According to the South China Morning Post, Hong Kong politician Regina Ip Lau Suk-yee revealed yesterday that her bank account was "taken over" and about HK$500,000 (US$65,000).
The SCMP reported that the breach occurred when Ip opened an attachment on an email purportedly from MTR Corporation chairman Dr Raymond Chien Kuo-fung. "I thought a friend needed help so I opened the attachment at once. I guess that's when I fell into the trap," said Ip, adding that Chien emailed her hours later, saying his account had been hacked and advising her to change her password, according to the SCMP story.
Theft is deplorable in any case, but there's an extra component when it occurs in cyberspace – without warning, your assets are depleted, and there's seldom any redress, or even indication what happened to them. Ip's loss is regrettable.
And it's a classic example of phishing: an email appearing to come from a trusted friend, whose account has been compromised. The email contains an attachment, which is similarly trusted. Ip said she opened the attachment "at once."
While countless security experts have warned against opening email attachments, if said email contains a message like: 'Regina, I need help. Urgent. Please open the attachment' (as Ip told the SCMP), here's some advice.
When emails urge you to panic, do not panic
An email dictating that an attachment be opened "urgently" is suspect, regardless of sender. Use your own "second factor of authentication": contact the sender by another means. Smartphones provide several avenues: SMS, an OTT service like WhatsApp, or even a phone call (yes, smartphones handle voice comms as well).
Contact the person who's claiming urgency. If in fact there is an emergency, the immediacy of the communication is appreciated. If, as in Chien's case, their email has been compromised (Ip told the SCMP that Chien emailed her hours later, saying his account had been hacked), the immediacy is appreciated even more.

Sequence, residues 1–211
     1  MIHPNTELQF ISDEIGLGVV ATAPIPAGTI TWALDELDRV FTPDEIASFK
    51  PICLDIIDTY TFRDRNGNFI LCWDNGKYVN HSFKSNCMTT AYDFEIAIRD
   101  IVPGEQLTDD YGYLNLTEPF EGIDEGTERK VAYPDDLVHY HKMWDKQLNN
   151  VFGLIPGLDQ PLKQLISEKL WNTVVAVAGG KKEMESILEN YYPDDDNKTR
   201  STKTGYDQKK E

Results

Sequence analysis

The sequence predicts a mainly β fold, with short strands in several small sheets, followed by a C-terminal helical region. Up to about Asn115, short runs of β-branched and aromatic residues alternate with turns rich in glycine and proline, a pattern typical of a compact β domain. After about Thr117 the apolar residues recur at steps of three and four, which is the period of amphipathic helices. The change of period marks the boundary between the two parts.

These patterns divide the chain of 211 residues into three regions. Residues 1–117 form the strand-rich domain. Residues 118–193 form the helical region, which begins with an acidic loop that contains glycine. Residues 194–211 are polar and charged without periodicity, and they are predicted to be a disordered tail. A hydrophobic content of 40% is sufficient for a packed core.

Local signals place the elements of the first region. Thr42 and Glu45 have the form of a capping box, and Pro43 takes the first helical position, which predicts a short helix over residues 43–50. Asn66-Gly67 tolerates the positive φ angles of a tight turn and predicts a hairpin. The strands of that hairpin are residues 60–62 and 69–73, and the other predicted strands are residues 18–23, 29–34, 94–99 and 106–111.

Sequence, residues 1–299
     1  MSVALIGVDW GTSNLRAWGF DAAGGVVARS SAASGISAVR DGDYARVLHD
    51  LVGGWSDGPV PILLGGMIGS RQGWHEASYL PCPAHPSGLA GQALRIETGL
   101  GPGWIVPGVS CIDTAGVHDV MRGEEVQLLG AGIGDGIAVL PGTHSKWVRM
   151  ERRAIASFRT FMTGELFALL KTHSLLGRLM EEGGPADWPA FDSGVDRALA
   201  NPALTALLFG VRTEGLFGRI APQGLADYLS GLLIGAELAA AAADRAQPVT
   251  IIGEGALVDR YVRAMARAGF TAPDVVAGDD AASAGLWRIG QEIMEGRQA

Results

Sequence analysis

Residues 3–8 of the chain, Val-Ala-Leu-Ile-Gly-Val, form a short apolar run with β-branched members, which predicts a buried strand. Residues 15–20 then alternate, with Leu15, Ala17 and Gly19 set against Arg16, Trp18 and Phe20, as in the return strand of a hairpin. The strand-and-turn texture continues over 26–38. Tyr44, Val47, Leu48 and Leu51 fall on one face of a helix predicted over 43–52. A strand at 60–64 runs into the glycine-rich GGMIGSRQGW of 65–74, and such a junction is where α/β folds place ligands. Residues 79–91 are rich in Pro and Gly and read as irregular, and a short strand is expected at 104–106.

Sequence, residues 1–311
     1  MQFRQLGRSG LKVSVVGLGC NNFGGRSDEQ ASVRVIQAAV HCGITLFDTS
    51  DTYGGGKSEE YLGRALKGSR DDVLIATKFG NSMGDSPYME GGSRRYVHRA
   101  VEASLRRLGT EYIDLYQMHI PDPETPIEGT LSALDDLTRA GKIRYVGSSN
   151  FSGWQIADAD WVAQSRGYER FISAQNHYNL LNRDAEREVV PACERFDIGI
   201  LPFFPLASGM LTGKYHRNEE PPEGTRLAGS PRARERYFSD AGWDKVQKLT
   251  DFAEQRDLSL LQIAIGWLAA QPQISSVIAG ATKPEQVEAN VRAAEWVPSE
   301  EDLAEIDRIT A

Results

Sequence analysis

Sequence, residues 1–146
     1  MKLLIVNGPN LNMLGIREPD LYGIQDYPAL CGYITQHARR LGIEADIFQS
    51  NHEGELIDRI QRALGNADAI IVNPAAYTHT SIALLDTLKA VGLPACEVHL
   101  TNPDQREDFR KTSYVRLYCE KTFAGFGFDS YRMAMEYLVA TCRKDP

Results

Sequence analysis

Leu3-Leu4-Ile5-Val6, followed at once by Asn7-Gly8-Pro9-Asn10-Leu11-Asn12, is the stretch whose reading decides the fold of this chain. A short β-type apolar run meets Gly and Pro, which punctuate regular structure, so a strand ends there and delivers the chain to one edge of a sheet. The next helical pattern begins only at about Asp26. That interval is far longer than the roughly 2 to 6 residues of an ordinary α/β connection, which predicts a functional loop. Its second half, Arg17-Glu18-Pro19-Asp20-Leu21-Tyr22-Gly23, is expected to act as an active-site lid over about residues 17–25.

The bad guys seek to instill a "panicked" state in their intended victims. Typical lines include "You won't believe the video I saw of you on social media" or "Your bank account will be suspended – act now!" When you're in "fight-or-flight" mode, you're likelier to make critical mistakes, like giving your password (or other private information) to someone. If you think that someone is a friend or colleague, then you let your guard down even further.
"Phishing happens," said Richard Stagg, managing consultant for Hong Kong-based security firm Handshake Networking. "Often phishing happens via compromised e-mail accounts, so the link to the phishing page comes from someone you know and trust. Neither the user community nor the service providers have any appetite for two-factor authentication, so assume it will continue."
The painful outcome
Apparently that's what happened to former HKSAR security minister Ip. According to the SCMP: "It is understood the money was moved out of Ip's account in Switzerland to an account in the US." In the article, Ip explained: "I believe they found … an instruction I once made to the bank to transfer a sum in US dollars to an account in the United States...they then forged a letter to instruct the bank to transfer US$65,000 out."
Had Ip been using a Hong Kong bank account, HKMA guidelines might have helped stop the fraudulent transfer. Here's the HKMA on two-factor authentication: "Two-factor authentication is required if you wish to conduct high-risk Internet banking transactions."
We live in an age where instant access to information is expected. When we're juggling multiple "conversations" on WeChat and Facebook, it's easy to get sucked into a whirling vortex of back-and-forth communication. Throw a phishing message into that mix and the dodgy missive may get more attention than it deserves.
Stay calm, stay safe. The email says your friend's in trouble? Send them an SMS, and don't open that attachment. A WhatsApp message says your bank account needs immediate attention? Call the bank. Any single form of digital communication can be compromised (on the day Ip announced the cybertheft, a friend sent me a message to let me know that one of his social media channels had been taken over by someone else).
One key (besides staying calm) is to use a separate communications channel to confirm. Yes, you still need strong passwords and don't use the same password for each site and all the usual precautions (see the above HKMA/HKP links). But don't forget that we now have mobile communication networks and devices that allow us to confirm information using different channels.